James Cameron has reached the bottom of the world’s deepest undersea trench, a statement from the National Geographic Society has revealed.
The director of the hit movie “Titanic” achieved the feat on 8 a.m. on Monday. The feat is the first time a person has dove alone into the bottom of the Marianas Trench.
Travelling for two hours and 36 minutes before reaching the depth of 35,756 feet, Cameron reportedly said “all systems OK” after he reached the bottom of the undersea trench.
Cameron, whose latest hit movie is the 3D blockbuster “Avatar”, is said to spend six hours at the depth filming and collecting samples.
The veteran director achieved the feat using a special submarine he and his team of scientists built and named “Deepsea challenger”.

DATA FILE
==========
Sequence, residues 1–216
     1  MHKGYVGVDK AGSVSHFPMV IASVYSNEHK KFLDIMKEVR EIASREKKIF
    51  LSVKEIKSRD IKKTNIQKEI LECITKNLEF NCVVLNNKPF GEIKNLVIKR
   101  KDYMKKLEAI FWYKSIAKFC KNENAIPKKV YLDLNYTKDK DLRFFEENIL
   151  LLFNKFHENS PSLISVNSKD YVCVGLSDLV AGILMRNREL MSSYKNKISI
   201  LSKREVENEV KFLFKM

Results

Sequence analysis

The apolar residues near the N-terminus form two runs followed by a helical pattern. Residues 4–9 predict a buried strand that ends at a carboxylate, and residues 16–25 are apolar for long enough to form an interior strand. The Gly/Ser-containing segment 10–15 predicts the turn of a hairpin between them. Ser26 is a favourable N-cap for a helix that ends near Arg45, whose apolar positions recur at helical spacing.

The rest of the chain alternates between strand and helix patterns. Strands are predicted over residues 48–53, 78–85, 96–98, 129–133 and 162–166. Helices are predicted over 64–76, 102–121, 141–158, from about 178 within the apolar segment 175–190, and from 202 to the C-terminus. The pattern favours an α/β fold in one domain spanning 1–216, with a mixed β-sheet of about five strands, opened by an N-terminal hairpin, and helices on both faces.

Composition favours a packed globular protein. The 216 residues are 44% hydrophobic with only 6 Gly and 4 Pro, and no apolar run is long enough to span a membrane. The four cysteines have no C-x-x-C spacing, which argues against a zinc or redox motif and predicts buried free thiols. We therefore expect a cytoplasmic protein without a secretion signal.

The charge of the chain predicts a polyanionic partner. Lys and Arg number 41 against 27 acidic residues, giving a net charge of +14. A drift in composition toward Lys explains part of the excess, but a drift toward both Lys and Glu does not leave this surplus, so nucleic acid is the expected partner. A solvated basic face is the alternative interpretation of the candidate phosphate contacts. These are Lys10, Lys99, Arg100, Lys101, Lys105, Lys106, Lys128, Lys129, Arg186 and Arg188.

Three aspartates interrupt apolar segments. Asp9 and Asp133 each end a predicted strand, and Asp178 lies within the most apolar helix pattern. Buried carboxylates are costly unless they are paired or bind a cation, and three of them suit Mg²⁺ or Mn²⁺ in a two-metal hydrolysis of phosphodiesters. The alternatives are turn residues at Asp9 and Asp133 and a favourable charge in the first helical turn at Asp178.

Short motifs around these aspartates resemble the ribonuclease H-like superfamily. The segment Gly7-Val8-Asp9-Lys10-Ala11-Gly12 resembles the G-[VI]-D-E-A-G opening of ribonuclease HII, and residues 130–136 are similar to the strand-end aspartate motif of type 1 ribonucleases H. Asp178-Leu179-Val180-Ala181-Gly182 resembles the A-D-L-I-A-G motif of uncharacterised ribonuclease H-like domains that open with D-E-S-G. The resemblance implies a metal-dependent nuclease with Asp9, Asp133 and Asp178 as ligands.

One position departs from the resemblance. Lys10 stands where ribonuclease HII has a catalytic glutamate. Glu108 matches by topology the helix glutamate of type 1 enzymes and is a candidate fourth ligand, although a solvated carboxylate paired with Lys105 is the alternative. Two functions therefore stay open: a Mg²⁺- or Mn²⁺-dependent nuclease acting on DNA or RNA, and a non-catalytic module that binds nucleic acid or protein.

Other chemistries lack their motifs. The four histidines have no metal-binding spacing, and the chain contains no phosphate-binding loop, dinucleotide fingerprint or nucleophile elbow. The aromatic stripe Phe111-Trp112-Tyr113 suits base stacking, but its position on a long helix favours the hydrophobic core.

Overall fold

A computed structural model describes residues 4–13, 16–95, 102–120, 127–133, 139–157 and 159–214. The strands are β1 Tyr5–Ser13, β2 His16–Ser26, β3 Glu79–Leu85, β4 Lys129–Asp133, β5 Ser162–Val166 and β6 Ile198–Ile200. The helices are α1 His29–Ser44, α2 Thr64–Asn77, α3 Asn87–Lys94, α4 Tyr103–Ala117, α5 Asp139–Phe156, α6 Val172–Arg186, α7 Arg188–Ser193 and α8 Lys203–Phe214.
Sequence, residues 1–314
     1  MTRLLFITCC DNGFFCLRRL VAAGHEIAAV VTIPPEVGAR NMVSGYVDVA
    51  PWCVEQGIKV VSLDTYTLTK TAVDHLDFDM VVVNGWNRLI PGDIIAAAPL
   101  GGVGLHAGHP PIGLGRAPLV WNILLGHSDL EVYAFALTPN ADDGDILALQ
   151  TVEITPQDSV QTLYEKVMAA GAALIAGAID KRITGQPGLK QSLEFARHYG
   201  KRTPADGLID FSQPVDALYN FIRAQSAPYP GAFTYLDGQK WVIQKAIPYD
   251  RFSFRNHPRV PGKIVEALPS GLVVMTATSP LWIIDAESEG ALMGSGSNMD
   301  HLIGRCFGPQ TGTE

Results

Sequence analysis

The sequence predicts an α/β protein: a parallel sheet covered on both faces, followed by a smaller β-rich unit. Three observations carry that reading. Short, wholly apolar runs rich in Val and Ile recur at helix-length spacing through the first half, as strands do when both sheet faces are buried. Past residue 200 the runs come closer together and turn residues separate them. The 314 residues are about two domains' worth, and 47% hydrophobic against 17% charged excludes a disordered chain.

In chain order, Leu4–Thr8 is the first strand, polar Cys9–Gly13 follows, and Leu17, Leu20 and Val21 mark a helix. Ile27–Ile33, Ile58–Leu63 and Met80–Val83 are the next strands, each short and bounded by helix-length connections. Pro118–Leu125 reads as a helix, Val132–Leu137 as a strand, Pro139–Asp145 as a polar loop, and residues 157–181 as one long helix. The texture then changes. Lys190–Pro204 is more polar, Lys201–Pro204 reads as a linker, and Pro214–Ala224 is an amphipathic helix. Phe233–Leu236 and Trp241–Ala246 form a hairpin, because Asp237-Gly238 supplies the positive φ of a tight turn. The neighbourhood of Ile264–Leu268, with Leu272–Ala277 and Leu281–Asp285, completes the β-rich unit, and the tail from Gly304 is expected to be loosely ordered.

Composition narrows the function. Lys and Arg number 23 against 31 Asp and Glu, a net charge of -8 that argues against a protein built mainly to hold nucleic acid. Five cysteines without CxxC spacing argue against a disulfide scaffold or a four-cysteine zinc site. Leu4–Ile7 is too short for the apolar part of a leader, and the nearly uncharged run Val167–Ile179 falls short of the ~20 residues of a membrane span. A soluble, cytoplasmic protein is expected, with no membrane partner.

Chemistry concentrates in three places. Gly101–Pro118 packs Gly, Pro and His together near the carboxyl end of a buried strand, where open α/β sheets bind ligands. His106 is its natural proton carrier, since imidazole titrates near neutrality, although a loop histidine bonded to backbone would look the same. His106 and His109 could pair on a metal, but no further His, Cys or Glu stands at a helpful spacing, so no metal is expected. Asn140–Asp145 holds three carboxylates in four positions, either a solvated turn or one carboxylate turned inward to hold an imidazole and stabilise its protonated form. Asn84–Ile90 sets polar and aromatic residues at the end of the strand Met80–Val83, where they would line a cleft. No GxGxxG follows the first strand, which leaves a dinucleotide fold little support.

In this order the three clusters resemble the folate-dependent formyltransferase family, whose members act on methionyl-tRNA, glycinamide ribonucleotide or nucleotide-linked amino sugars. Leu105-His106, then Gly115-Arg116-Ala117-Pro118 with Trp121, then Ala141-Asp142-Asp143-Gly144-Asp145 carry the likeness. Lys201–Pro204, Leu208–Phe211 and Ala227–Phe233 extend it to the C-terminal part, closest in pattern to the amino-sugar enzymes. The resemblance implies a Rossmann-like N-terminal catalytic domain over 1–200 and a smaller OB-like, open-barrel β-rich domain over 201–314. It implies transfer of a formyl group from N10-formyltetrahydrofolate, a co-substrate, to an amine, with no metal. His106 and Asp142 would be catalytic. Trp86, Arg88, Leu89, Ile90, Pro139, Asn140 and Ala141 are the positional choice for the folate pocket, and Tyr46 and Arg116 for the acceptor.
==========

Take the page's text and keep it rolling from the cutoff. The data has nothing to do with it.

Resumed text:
Cameron has also previous said that the expedition to the bottom of the Marianas Trench is the result of seven years of planning.
The first and last time the bottom of the Marianas Trench was reached was when Jacques Piccard, an engineer from Switzerland, and Don Walsh, a U.S. Navy Captain, successfully dove to the point in 1960 using a submarine.